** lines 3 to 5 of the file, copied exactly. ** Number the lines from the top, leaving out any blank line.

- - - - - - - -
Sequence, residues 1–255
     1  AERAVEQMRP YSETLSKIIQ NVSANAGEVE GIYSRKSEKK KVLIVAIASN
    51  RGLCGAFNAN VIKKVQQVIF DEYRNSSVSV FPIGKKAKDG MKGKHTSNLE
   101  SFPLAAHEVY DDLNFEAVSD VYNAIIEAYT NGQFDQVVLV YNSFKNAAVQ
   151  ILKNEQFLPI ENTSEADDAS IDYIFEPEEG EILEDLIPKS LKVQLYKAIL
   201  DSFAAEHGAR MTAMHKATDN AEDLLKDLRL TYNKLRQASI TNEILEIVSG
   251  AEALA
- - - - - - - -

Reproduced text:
    51  RGLCGAFNAN VIKKVQQVIF DEYRNSSVSV FPIGKKAKDG MKGKHTSNLE
   101  SFPLAAHEVY DDLNFEAVSD VYNAIIEAYT NGQFDQVVLV YNSFKNAAVQ
   151  ILKNEQFLPI ENTSEADDAS IDYIFEPEEG EILEDLIPKS LKVQLYKAIL